Professional Development: STAND UP! Symposium

April 12, 2017 by Guest Faculty Bloggers

English Language teacher Charlotte Hogan and French teacher Miriam Przybyla-Baum attended the STAND UP! Symposium at Phillips Academy Andover on Thursday, April 16.

Symposium Description:

From 1960s lunch counter sit-ins to recent movements at the University of Missouri, student activism has long sparked institutional change in American high schools, colleges and universities. And yet, independent schools have often been considered sites of privilege. How might these schools’ policies and histories engage or hinder student activism in equity and inclusion?”

Filed Under: anti-racism, Professional development, inclusion

Intersections: Acknowledging Difference

January 05, 2017 by Bill Ivey
"Inquiry is always a form of intervention." - Dr. Derrick Gay

The thing about group learning is, what each individual person in the group learns is somehow - perhaps subtly, perhaps in a major way - different from what every other individual person in the group learns. That’s a function in part of everyone having an absolutely unique set of life experiences out of which we are making meaning in the world. And that’s perhaps especially true with diversity work, which makes managing an in-service day for an entire faculty (already a daunting task) especially tricky. Yet, I went into Tuesday’s session with high hopes; Dr. Derrick Gay had given the faculty and staff a survey the results of which he planned to use to organize and frame the day, and I knew enough of his work (I follow him on Twitter) to be confident the day would be productive. And it was.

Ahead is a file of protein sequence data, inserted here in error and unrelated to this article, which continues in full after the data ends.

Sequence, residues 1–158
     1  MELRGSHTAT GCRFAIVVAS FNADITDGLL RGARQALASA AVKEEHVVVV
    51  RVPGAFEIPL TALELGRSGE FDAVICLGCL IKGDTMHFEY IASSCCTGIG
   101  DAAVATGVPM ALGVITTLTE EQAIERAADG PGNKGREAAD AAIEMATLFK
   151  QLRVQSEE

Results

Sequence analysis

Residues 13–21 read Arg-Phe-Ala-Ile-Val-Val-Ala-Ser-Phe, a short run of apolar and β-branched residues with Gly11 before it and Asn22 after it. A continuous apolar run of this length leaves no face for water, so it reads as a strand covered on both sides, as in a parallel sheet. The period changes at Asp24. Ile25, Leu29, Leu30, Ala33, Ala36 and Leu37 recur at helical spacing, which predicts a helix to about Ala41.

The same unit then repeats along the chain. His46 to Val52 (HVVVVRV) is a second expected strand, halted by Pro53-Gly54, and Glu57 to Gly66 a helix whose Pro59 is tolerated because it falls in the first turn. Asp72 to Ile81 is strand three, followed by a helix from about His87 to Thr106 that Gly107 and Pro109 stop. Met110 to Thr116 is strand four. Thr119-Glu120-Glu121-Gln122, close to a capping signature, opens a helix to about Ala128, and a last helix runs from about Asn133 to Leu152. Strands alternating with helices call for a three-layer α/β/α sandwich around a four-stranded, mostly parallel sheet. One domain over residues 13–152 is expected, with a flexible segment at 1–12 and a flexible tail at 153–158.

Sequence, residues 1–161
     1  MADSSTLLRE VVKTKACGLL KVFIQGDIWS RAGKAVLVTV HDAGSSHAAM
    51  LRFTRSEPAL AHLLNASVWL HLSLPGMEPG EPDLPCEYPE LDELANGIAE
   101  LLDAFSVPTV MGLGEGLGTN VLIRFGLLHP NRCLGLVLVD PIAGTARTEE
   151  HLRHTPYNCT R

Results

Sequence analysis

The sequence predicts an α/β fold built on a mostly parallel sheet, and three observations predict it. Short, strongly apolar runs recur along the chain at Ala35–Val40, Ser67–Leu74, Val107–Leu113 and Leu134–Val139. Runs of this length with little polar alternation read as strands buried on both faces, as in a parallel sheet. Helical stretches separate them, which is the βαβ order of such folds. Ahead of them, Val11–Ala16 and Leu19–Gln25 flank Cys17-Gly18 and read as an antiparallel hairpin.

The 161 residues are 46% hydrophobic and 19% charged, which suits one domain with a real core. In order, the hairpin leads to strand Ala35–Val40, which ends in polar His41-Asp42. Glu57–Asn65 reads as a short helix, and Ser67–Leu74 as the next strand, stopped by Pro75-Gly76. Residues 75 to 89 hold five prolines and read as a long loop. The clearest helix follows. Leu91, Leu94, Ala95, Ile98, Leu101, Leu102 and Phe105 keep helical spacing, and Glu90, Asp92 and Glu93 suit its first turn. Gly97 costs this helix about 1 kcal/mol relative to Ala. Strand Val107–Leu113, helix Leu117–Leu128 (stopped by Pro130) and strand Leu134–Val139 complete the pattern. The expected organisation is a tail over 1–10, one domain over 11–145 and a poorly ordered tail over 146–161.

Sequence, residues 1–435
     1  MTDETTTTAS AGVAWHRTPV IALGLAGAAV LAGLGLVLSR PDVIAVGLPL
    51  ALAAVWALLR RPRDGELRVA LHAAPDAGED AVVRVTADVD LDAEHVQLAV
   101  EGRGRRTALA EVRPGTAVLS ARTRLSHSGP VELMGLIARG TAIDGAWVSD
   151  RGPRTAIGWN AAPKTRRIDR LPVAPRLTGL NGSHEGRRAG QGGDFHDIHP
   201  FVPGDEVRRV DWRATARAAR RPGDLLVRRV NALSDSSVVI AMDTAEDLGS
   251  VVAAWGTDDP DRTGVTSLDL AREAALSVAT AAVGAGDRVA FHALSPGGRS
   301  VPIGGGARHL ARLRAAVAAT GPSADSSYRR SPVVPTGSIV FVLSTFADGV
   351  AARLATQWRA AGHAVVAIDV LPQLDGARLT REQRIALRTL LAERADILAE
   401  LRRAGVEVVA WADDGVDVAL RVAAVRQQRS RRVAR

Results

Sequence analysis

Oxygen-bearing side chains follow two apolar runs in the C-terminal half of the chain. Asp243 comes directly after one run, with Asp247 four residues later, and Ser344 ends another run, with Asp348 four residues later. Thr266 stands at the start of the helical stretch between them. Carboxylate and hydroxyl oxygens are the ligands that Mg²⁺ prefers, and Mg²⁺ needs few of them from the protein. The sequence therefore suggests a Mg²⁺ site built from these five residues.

Filed Under: anti-racism, diversity, Intersections, inclusion, identity

Intersections: Deciding to Rise

November 02, 2016 by Bill Ivey

When I was a girl, I had parents who loved me and believed in me, but those doubts still worked their way inside my head and my heart, and I was always worried about something. Does my hair look right? Am I too tall? Do I raise my hand too much in class? So when folks said that a girl like me shouldn’t aspire to go to the very best colleges in this country I thought, "Maybe they’re right." But eventually I learned that each of those doubts were like a little test, a challenge, that either I could shrink away from or rise up to meet and I decided to rise. - Michelle Obama, quoted by AISNE Assistant Director Bonnie Ricci at the AISNE Diversity Conference on November 1, 2016

It wasn’t particularly easy waking up at 4:45 in the morning to head out to the 2016 AISNE Diversity Conference. But it was well worth it, and not just for the chance to connect with familiar faces from other schools I don’t see often enough.

Ralph Wales, Head of Gordon School, welcomed us, asking the question, “What would happen if we were to start a school today?” He talked about aligning the power pyramid with our work in support of it, of the force and power we have to do right by all children, and of the concept of “pushing subversion.” Speaking as a person whose mood indicator has been stuck on subversive for several years, I can support that. The question, of course, is what to subvert, and how.

Filed Under: LGBT Support, anti-racism, social justice, diversity, Feminism, Education, Intersections, inclusion